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Data from three-year experimental early teal season in Wisconsin, Iowa and Michigan show exemplary compliance, duck identification and harvest focus among hunters

By Central Office February 3, 2017

Contact(s): Taylor Finger, DNR assistant migratory game bird ecologist, 608-261-6458

MADISON - Data from a three-year experimental early teal season from 2014-16 in Wisconsin, Iowa and Michigan show exemplary compliance, duck identification and harvest focus among hunters.

After working closely with state agencies to evaluate harvest potential, the United States Fish and Wildlife Service authorized implementation of early teal seasons in 2014 on an experimental basis in Wisconsin, Iowa and Michigan. Following public input processes, each state established an early teal season based on biological and social factors, with an additional focus placed upon communication and hunter education materials with an initial experimental period lasting three years.

USFWS required these states to jointly conduct and report findings in each of the experimental period's first three years. This report is now available, and results show that hunter harvest was focused on desired teal ducks.

To help evaluate compliance and duck identification, trained observers from each state observed duck flights and hunter behavior during teal hunting seasons. In total, 88 trained observers evaluated the performance of 425 hunting parties over the length of the experiment to generate statistically valid conclusions.

In all three states combined, a total of 1,596 non-teal duck flocks came within range of hunting parties, with only 88 fired upon, resulting in a non-target attempt rate of roughly 5.5 percent. This was well below the threshold deemed necessary by USFWS to protect other duck species not targeted by this early season.

Waterfowl hunters in Wisconsin, Iowa and Minnesota showed their duck identification prowess during an experimental three-year early teal hunting period.)
Waterfowl hunters in Wisconsin, Iowa and Michigan showed their duck identification prowess during an experimental three-year early teal hunting period.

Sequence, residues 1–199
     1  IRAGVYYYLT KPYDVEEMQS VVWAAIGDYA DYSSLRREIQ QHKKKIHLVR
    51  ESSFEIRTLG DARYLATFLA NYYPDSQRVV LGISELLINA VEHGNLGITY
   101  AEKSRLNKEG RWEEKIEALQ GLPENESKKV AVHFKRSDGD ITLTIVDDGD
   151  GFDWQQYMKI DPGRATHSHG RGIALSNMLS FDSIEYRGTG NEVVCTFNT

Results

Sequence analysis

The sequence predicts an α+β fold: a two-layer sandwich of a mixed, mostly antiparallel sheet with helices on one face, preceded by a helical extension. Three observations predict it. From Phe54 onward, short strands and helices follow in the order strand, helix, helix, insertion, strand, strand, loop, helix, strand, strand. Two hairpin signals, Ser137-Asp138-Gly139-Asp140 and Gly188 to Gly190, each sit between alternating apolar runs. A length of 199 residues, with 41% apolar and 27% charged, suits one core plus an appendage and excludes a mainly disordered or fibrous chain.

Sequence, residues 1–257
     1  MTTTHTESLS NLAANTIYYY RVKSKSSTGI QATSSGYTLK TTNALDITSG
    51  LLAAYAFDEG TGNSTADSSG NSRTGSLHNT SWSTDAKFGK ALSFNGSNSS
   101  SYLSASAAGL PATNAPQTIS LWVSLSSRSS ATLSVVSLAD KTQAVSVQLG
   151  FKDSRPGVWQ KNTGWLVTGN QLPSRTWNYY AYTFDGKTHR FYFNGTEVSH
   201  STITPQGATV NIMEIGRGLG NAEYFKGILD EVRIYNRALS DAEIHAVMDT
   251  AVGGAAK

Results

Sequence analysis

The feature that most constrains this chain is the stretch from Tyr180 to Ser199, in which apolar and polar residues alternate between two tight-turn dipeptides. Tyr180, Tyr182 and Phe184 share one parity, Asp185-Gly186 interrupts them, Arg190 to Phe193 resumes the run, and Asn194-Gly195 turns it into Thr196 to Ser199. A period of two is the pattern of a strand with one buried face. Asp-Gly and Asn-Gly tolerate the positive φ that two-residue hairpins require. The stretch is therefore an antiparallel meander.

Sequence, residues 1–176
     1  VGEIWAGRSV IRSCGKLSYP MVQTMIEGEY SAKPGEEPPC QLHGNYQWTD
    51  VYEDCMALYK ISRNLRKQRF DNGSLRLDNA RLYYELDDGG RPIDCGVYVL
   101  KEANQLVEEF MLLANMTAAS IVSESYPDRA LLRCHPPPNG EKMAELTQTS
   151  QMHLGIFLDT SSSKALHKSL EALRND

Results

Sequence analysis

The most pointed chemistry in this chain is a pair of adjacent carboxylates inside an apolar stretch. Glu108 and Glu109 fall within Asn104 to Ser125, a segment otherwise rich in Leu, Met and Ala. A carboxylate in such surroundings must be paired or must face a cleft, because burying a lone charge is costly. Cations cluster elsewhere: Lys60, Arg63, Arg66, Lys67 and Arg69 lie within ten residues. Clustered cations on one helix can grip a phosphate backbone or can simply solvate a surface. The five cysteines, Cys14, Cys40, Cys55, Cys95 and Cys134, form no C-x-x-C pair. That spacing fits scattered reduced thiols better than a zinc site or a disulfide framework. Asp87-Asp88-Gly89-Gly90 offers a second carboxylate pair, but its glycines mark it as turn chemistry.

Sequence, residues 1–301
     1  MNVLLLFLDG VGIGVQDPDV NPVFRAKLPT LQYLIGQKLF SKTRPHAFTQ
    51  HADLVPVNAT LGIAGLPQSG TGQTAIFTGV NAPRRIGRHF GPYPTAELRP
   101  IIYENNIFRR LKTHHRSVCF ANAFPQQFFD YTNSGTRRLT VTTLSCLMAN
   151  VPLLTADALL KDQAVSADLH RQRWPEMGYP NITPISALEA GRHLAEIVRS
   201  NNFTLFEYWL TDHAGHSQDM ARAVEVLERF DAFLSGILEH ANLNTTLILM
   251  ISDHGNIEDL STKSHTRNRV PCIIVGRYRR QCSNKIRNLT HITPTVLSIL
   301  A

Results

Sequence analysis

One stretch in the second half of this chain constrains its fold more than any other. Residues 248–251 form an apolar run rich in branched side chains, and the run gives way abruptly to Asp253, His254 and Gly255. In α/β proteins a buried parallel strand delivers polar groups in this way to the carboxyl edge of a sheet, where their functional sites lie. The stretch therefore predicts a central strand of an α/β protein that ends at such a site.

Photo Credit: DNR

"The early teal season experiment has provided Wisconsin hunters with a new opportunity and these results give us confidence that if Wisconsin hunters decide to continue this season it will be conducted responsibly and without causing harm to the resource," said Taylor Finger, Wisconsin Department of Natural Resources assistant migratory game bird ecologist.

Michigan and Wisconsin both held statewide September teal seasons from Sept. 1-7 in 2014-2016. Iowa held 16 day statewide seasons, excluding North and South zones, which had 9-day seasons in 2016 (season dates varied by year).

Blue-winged teal are an early migrating duck, so many teal have left prior to opening day of regular duck hunting seasons. As a result, USFWS approved special early teal hunting seasons for some states in the 1960's. Four states within the Mississippi Flyway (Wisconsin, Michigan, Iowa and Minnesota) were excluded initially, due to concerns that hunters would harvest too many non-teal ducks.

However, recent record-high duck populations and a desire for more equitable harvest opportunity distribution led to analyses of the potential for adding an operational early teal seasons in additional states.

The federal regulatory cycle required the Mississippi Flyway states to be granted a one-year extension of experimental season framework for the 2017 waterfowl season. Since USFWS required a final report regarding the results of the experiment, these states agreed to hold a fourth early teal season under that same structure as the experimental season to provide adequate time to complete a final report.

Iowa, Michigan, and Wisconsin are confident that experimental teal seasons met federal requirements and believe the fourth year should not require any additional monitoring. Thus, this additional season may not be included in the analysis that USFWS uses to decide whether an operational teal season will be offered starting in 2018.

If states are offered operation status, a public input process will occur in 2017 to decide whether we move forward with an operational early teal season in the future.

For more information regarding waterfowl hunting in Wisconsin, visit dnr.wi.gov and search keywords "waterfowl."

Last Revised: Friday, February 03, 2017

Contact information

For more information about news and media, contact:
James Dick
Director of Communications
608-267-2773